Grubs are a common lawn problem that can make your property an unsightly mess. The larvae of several different kinds of beetles, grubs love living underneath the surface of your lawn. This is because they eat the roots of your grass, leading to ugly brown patches. If you suspect you have this issue, you’re probably wondering how to get rid of lawn grubs.
Luckily, there are a number of different things you can do to drastically reduce the population of grubs in your lawn.
There are natural approaches as well as chemical ones from which you can choose. In this article I’ll help you determine if lawn grubs are in fact your problem, and if you do have a grub issue, I’ll explain your options to remedy the situation.
How to Determine if Your Lawn Has a Grub Infestation
It’s normal to have worms, grubs, and insects in your soil, and the presence of some grubs doesn’t necessarily mean that you have a problem that requires treatment.
Fall and summer are the times of year at which grubs do the most damage to your lawn, attacking the roots of your grass, and if you see big patches of your lawn that are brown or dying (and you’re sure the grass isn’t simply dormant), this is when you can identify a grub infestation.
Some of the signs of grub infestation are brown patches that are irregular in shape or if your lawn just appears generally unhealthy. There may also be small holes in the ground in which animals have been doing some digging.
And if you suddenly notice mole tunnels in your yard, they may have shown up because there’s a grub buffet below the grass.
If your lawn looks like this do the following:
How to Check Your Lawn for Grubs
- First use a spade to remove a square foot area of your sod. Dig about three inches in depth, and you should begin cutting it from the middle of one of the brown patches you’ve noticed.
- Spend time looking through this piece of sod, checking for larvae. The larvae will look like a “C” in shape and are a light white in color. They might be between a half an inch and a full inch long.
- If there are at least five grubs in the square foot of sod you check, you probably have a problem with grubs that will require treatment.
How to Get Rid of Lawn Grubs: Your Options
You have a few effective options that will eliminate grubs in your lawn.
Applications of Milky Spore
Bacillus popilliae spore (also called milky spore) is one substance you can use on your lawn that will help to eliminate grubs. You can find this at a home or garden center or online (this one is my go-to).
Milky spore creates a condition in your lawn called milky disease. Milky disease is a bacterial environment that kills grubs but won’t cause any damage to your grass.
This is only a good treatment if you’re in it for the long haul, though. It will take up to about three years for there to be a sufficient number of the helpful spores to rid your lawn of grubs.
The work and wait are worth it, though, as the milky spore will permanently keep grubs away once it’s embedded in your lawn.
Nematodes is another type of treatment you can use. If you’d like, you can use this simultaneously with milky spore.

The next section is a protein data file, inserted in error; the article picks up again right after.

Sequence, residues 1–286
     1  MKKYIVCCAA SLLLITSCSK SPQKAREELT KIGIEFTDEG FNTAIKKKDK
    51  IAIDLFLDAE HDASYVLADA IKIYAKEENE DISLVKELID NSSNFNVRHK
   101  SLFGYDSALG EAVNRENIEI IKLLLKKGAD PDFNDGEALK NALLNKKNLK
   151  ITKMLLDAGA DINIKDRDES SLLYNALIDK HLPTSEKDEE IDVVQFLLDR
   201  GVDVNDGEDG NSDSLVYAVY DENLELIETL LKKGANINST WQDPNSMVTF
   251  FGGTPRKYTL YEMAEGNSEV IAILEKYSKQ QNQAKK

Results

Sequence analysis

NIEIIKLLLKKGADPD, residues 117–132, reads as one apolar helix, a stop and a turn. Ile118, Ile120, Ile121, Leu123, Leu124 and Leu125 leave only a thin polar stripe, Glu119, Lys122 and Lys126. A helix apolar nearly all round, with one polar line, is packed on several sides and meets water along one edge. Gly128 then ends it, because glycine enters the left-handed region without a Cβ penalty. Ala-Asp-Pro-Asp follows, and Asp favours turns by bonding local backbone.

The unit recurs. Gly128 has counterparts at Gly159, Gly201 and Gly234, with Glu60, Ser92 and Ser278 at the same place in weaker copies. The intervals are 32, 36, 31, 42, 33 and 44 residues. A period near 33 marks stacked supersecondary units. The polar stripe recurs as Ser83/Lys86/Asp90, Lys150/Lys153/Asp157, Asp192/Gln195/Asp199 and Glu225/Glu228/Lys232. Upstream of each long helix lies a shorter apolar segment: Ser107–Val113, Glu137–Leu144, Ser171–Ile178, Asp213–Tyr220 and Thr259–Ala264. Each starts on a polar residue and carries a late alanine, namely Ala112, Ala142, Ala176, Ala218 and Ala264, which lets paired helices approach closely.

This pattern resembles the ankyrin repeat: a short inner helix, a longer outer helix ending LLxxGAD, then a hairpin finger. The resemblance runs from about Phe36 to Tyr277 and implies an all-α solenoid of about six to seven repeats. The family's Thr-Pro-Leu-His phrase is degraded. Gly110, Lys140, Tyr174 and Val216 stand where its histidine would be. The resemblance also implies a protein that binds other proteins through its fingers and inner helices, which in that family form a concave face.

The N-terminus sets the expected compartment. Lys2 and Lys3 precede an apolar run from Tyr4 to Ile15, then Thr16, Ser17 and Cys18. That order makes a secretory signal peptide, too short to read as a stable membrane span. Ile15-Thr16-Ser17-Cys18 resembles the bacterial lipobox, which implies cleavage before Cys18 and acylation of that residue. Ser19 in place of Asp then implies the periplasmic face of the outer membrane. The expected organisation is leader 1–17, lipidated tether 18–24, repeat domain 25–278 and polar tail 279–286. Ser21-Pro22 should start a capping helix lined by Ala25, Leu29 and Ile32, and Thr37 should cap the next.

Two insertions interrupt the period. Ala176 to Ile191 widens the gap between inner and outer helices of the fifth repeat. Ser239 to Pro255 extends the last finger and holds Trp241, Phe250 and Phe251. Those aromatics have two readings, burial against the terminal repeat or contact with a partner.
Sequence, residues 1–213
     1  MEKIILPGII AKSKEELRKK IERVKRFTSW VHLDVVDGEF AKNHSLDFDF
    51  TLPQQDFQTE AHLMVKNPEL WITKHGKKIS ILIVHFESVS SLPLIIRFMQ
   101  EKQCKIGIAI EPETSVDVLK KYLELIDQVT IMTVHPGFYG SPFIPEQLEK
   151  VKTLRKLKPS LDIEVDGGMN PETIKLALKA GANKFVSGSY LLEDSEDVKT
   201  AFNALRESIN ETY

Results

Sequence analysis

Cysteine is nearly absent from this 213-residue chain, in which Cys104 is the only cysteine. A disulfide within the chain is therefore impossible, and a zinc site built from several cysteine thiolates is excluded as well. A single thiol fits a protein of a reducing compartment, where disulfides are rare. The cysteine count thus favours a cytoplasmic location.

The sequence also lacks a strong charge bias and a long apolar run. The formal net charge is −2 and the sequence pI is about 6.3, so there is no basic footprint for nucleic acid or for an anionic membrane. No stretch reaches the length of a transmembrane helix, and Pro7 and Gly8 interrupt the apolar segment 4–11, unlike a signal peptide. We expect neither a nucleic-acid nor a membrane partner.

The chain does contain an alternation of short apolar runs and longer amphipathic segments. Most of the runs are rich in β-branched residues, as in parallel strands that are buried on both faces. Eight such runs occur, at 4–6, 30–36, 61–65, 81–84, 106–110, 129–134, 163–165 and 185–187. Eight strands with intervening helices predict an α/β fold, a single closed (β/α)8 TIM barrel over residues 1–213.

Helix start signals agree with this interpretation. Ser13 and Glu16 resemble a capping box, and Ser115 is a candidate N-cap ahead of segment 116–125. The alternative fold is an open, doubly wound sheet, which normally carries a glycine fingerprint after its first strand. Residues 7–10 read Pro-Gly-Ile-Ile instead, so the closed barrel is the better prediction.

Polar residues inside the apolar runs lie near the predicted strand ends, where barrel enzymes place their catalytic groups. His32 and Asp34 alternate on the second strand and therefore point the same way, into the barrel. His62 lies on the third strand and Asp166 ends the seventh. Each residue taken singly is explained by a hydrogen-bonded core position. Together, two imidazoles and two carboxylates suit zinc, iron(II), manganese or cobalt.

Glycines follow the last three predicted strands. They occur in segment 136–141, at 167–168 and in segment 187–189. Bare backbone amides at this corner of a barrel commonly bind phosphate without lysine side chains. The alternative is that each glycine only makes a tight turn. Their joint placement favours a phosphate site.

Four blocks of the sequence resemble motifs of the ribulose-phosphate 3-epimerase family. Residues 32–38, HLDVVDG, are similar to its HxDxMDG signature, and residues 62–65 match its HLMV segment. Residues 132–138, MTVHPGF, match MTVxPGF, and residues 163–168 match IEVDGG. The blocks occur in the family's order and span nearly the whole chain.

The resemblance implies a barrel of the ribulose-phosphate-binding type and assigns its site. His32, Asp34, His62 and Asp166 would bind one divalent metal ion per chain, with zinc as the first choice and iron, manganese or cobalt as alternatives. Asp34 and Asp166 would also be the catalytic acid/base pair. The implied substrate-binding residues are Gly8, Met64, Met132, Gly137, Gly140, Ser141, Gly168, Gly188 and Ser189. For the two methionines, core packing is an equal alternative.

Beneficial Nematodes are tiny, parasitic worms. They attack grubs, eventually killing them. To use nematodes by putting them in water and shaking, and then applying it to your grass.
Like milky spore, this is a long-term treatment. It may take up to three years of using this for your grub problem to finally be resolved.
Thing to Remember When Treating Your Grub Problem
With any sort of treatment (in particular with any chemical treatment like this one), make sure to keep kids and pets off of the area until the lawn completely dries.
With chemical treatments, make sure to check the instructions on the product, as they may call for you to keep kids and animals away from the lawn longer than that. The reason why you should keep kids and pets away from the grass while it dries even when using natural products, is because they will be most effective if you let them properly sink in without disruption.
And please read this article about when to treat your lawn for grubs, if you’re wondering what time of year will be most effective.
Other Tips to Prevent and Treat Grub Infestations
The height you mow your grass matters, and I recommend that you always keep your grass a minimum of two inches in length.
This is important for a variety of reasons, but when it comes to grubs, and other lawn pests, longer grass is better. Beetles and some other insects prefer not to lay their eggs in longer grass.
Also, consider watering your lawn less frequently. Grubs prefer very moist soil, so you want to keep it as dry as you can without negatively affecting your lawn health (grass does require water after all). But watering less is especially important while you’re in the process of treating your grub problem.
July and August are the months during which it’s most important to keep your lawn as dry as possible. This is the time at which the eggs most often hatch, so you want to make things as inhospitable for the grubs as possible.
It’s best to fertilize your lawn in the fall. You should seed it at that point, as well. This will help to deal with damage that grubs have caused. It will also cause problems for the beetles when they try to lay new eggs.
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